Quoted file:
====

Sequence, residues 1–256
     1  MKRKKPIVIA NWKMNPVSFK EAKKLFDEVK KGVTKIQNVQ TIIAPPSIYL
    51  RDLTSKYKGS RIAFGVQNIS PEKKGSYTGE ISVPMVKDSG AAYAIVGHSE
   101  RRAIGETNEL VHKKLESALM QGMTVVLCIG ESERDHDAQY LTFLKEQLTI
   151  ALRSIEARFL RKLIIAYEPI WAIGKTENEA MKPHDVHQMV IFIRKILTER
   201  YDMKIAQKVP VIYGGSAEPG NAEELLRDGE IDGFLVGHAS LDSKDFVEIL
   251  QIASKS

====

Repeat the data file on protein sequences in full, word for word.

Sequence, residues 1–256
     1  MKRKKPIVIA NWKMNPVSFK EAKKLFDEVK KGVTKIQNVQ TIIAPPSIYL
    51  RDLTSKYKGS RIAFGVQNIS PEKKGSYTGE ISVPMVKDSG AAYAIVGHSE
   101  RRAIGETNEL VHKKLESALM QGMTVVLCIG ESERDHDAQY LTFLKEQLTI
   151  ALRSIEARFL RKLIIAYEPI WAIGKTENEA MKPHDVHQMV IFIRKILTER
   201  YDMKIAQKVP VIYGGSAEPG NAEELLRDGE IDGFLVGHAS LDSKDFVEIL
   251  QIASKS